What goes wrong? 1. Defensive design

“The Camden Bench hates you. It’s the public furniture equivalent of a finger wagging in your face. Commissioned by the Camden London Borough Council and installed in 2012, it boasts of its ability to deter a grand total of 22 behaviors, including sleeping, skateboarding, canoodling, drug dealing, littering, graffiti and theft. Its solidity makes it too heavy to move, its angles make it uncomfortable, it has no crevices and it’s coated in a waterproof anti-paint coating.”

“No seating is perfectly vandal-resistant. The best solution for vandalism is developing an understanding of what types of vandalism occur, at what times and by what types of people. The best deferent to vandalism is heavy and frequent use by everyone else.”(PPS)


What goes wrong? 1. Defensive design Pay this bench money or it will poke you with spikes

Benches with studs built right into the seat that only retract for a short period if you insert some coins into a slot.


What goes wrong? 2. Lack of benches It is all about hospitality. “A public place without seating for the elderly, young children, the disabled, the shopping-weary, a tired tourist or people merely wanting somewhere that does not involve buying food and drink to chat or admire a view is unfriendly. The message is go away, do not linger, this is not for you. That sense can shape perceptions, sometimes negatively.�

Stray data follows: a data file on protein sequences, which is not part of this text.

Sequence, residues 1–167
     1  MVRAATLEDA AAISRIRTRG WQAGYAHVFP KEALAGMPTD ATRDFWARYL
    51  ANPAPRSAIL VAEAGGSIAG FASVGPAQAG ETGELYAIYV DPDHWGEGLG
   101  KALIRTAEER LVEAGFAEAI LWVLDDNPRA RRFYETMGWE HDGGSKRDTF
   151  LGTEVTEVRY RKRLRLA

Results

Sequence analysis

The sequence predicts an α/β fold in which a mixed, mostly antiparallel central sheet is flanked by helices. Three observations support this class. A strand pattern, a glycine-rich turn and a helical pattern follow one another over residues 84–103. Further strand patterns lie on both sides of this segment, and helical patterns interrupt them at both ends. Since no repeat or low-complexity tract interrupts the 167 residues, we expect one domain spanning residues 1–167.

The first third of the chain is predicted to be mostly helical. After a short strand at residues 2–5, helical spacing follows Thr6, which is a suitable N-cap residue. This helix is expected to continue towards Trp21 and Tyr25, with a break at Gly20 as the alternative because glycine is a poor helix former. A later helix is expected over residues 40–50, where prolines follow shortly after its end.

What goes wrong? 2. Lack of benches

12 10

benches / 1,000 residents 10

9,9

8 6 4

2,5

2 0 Fra nk fu rt

Ste gl itz-Z eh le nd orf (Be rli n' s Bo rou gh s)

W arsaw

“Polish cities have no places to sit in, and the situation seems to be only getting worse. The country’s capital, Warsaw, is at the very end of the ranking, with only 2.5 bench per 1000 inhabitants.”


What goes wrong? 2. Lack of benches “Hong Kong is worse than any other city in this regard; evidence of the lack of seating is anecdotal and based on observation. This includes the sight of unwanted chairs and sofas left by residents in public spaces to fill the need.�


What goes wrong? 3. Aesthetics rather than user-friendliness

The comfort of the bench for the user must be taken into consideration first. The look and the match with the surrounding space aren’t enough.


What goes wrong? 3. Aesthetics rather than user-friendliness


What goes wrong? 3. Aesthetics rather than user-friendliness

Concrete constructions: they may look nice from a design perspective, but are not comfortable for users.


Why does it often go wrong? 3. Aesthetics rather than user-friendliness

This bench is specially designed to help people get closer. (Becherovka advertisement)

Companhia Athletica placed slanted benches in parks. Every time someone tries to sit down, they slide off in order to be more attractive.